For many families in the market for a home, a garage large enough to easily hold at least two vehicles and all the extras (lawnmower, patio furniture, maybe a couple of kayaks) is a very big deal.
Anyone who has ever been running late for work and had to frantically scrape ice off their car’s windshield understands that an ample-sized garage that provides vehicle protection from the elements is a major plus. Gearheads dream of massive garages to store tools and restoration projects in various states of disrepair. And real estate agents can attest that more than a few viewings don’t make it past square-one because a garage is too small.
But the size of the garage is only the beginning.
If you’re a prospective homebuyer who puts a nice garage on top of your wish list, you’ll be happy to know that certified home inspectors, like those at A-Pro Home Inspection, look far beyond whether the garage can simply accommodate your SUVs and 4 x 4s. In much the same way as the rest of the house is inspected, both attached and detached garages will be carefully examined as part of an A-Pro 500-point, roof-to-foundation inspection.
Here are some of the numerous aspects of a garage that are evaluated by the home inspectors at A-Pro:
Drainage: The inspector will note if the garage’s surface is made from a non-combustible material (e.g., concrete) and is properly sloped for effective drainage. If there is a floor drain, the slope must direct liquid in that direction. The report may also include cracks in a concrete slab and floors that have settled unevenly.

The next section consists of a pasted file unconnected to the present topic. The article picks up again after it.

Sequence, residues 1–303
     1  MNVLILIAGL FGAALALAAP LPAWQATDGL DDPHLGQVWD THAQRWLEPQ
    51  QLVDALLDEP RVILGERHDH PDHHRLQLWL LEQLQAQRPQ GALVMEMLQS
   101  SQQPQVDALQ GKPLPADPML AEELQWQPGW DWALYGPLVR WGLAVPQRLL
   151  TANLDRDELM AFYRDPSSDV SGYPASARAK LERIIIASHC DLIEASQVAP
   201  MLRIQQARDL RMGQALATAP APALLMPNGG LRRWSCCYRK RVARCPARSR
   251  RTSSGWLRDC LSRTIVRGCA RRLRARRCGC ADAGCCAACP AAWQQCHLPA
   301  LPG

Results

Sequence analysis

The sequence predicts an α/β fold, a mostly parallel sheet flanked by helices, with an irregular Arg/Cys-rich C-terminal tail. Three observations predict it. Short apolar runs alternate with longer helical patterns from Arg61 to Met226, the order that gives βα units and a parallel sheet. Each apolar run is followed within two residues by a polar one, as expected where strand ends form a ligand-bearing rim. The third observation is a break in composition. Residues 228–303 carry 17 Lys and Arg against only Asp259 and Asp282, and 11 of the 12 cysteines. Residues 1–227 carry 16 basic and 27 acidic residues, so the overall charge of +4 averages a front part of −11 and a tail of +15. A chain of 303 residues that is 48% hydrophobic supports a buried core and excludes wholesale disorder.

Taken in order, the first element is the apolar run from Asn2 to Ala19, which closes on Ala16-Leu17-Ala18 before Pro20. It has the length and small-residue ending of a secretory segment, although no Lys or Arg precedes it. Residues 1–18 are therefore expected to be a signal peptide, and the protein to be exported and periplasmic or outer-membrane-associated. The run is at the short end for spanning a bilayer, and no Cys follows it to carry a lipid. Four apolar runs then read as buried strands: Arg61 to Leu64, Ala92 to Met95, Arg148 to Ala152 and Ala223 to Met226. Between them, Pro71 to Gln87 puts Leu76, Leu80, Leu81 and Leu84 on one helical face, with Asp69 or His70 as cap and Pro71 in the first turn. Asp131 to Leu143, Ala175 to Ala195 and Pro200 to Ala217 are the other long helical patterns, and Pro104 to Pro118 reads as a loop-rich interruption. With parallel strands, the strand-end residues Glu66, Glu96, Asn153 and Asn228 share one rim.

Openings and Doors: The inspector will indicate openings in the firewall (between the garage and the interior of the home) that are not properly protected, as well as openings into rooms that are used for sleeping, which are forbidden. To make sure a fire is contained or slowed down in the garage, the inspector will see if appropriate material—based on local building codes—has been used on walls and ceilings that border the building, and that there are no ceiling/wall cracks or missing pieces. All wall and ceiling penetrations, such as pipes and ducts, must be adequately sealed with a fire-rated application. The inspector will also check to see if drywall seams are taped or finished with an appropriate application.
Of major importance is a well-installed fire-rated solid wood or core steel door between the garage and home. The inspector will check for proper material and acceptable door thickness. Other door issues include insufficient weather-sealing and lack of a self-closing device, which may be required per some local building guidelines.
Garage Door: Malfunctioning garage doors are responsible for thousands of injuries annually and dozens of fatalities, often involving children. The inspector will report on the functionality of the automatic door opener, the safety reverse system, weak or damaged springs that may cause the door to close unexpectedly, damage to the door itself (delamination, rust, denting, difficulty opening and closing, poor fitment), and other conditions.
Appliances: Because gas spills in a garage can be fire hazards, any appliance with an ignition source (e.g., gas-fired water heaters) must be elevated. Further, recommended measures such as the installation of curbs or pipe stanchions should be taken to ensure that a vehicle will not run into one of these appliances.
Other Concerns: As mentioned above, many aspects of the garage inspection parallel the standard checkup of the rest of the home. These include an inspection of the gutters and downspouts (Is the system moving rainwater away from the garage or is water pooling around the perimeter?); the roof (Is the surface damaged? Is there leaking? Does the truss system have defects such as weak fasteners and undersized metal connectors that could lead to collapse); plumbing (Have contractors used approved materials for plumbing and ducts penetrating drywall?); electrical receptacles (Have cut-outs in drywall been sealed? exterior grading (Does the driveway slope away from the garage?); garage attic (Is it structurally sound?); and windows (Are they cracked, rotting, or missing glass?).
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